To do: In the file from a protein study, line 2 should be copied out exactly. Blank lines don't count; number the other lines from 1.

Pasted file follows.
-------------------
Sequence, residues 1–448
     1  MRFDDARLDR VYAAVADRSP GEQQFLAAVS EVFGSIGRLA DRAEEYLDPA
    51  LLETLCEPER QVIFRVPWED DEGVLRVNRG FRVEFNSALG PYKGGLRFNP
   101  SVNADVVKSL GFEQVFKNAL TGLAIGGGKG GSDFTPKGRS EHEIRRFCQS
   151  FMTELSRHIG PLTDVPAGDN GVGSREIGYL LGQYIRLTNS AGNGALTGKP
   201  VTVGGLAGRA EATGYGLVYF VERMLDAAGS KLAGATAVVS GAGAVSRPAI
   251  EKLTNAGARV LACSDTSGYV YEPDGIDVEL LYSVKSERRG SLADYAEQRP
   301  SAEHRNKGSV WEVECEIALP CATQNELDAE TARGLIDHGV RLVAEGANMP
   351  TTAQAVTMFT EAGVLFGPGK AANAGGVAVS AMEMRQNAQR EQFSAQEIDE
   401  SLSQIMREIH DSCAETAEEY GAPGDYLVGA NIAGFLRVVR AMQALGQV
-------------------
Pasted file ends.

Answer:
     1  MRFDDARLDR VYAAVADRSP GEQQFLAAVS EVFGSIGRLA DRAEEYLDPA